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Working with Oak, for most woodworkers is a joy. Despite the fact that Oak is a heavy wood to work with, it produces such excellent finished results it is hard to avoid using it. One of the beauties of Oak is that it can contain visible “figure”, that is, areas where the grain runs a bit different than normal creating a pleasing pattern. These pleasing patterns can sometimes have their own problems when it comes to finishing.
One of the biggest problems we see with projects that are made from Oak is the miss-matching of grains. If you want to get a good finish on any wood project it is imperative that you try to match the grains as best you can. For example if you are creating table top or the side of a bureau, all the wood you use should be flat sawn, quarter sawn or rift sawn – NOT some of each. Each cut of wood absorbs stain differently which means, depending on the angle of light and the angle of view, the stained wood can appear uneven or mottled.
The second most frequent problem we see, is lack of finishing. Oak needs to be finished with very fine sandpaper like 280 or 320 grit in order for it to look nice when the final finishes are applied. The sanding process, particularly with finer grits will also create sawdust that will linger in the open-grain of the Oak. To remove this completely we recommend at the very least a tack cloth of mineral spirits, or to use your compressor and actually blow the dust out (this would have to be done out-or-doors for safety reasons). Only by getting all the sawdust out of the open pores of the Oak can you be assured of some success in your finishing.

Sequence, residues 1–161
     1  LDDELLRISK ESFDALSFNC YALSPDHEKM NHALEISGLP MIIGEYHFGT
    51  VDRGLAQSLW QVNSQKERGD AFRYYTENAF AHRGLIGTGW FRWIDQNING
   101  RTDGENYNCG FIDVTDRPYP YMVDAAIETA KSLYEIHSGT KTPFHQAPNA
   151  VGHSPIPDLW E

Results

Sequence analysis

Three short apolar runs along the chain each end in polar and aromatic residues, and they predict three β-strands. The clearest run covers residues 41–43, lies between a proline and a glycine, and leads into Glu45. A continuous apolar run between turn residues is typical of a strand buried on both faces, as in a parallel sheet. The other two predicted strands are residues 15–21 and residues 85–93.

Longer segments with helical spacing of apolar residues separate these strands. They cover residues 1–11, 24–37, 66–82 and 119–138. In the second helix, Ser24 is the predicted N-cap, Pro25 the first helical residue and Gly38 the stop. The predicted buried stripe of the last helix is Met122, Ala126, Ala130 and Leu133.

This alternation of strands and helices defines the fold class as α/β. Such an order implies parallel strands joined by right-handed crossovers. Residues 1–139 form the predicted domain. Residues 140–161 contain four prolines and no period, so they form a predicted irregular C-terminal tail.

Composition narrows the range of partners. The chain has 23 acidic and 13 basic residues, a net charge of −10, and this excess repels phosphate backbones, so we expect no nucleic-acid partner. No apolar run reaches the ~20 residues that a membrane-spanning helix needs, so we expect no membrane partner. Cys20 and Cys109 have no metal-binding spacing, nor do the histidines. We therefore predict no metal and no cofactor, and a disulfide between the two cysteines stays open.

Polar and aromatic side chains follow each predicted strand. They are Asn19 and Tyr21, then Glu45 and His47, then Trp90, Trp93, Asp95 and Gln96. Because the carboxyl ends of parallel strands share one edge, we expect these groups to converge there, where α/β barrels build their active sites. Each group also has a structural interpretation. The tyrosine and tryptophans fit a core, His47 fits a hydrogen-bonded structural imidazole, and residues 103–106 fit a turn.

Once you have “prepared the Oak” that is sanded with finely and removed the sawdust from the pores, now is the time to decide how you will finish your project. Do you want a natural clear finish, or do you want the oak stained a darker color, perhaps to match other projects? In terms of finishes you can select either water based or oil based finishes and stains. To compound things further coloring the wood can be done with either dyes or stains, and stains can contain filler or not (filler is used to fill the open pores of the oak to make a smoother finish).
Newer formulas for finishing oak suggest that wood dyes be applied and then over top of that, a “sealing” coat of de-waxed shellac (note, it MUST be de-waxed), and then on top of this a “glaze” is coated on the wood. A glaze is simply oil based stain and filler. What this process does in effect is work on the contrasts of the Oak and it's pores by making the pores stand out a bit more thus making the grain more visible. Then of course there needs to be a final finish of some sort of a oil based varnish or other similar top coat. The results from this process is indeed a lovely finish.
However you decide to finish your Oak project, there are 2 things to remember, 1) fine sanding is imperative to getting a fine finish and 2) always test your finish on another piece of wood BEFORE you give your project it's finish. There is far too much work in having to remove all the finish off a project that you are not happy with rather than testing before you begin ANY finishing on your project. We have seen far too many project with inferior finishing techniques that then disappointed the woodworker. Play it safe, take your time and know what to expect before you jump in and start the final finishing proeces.
Copyright - Colin Knecht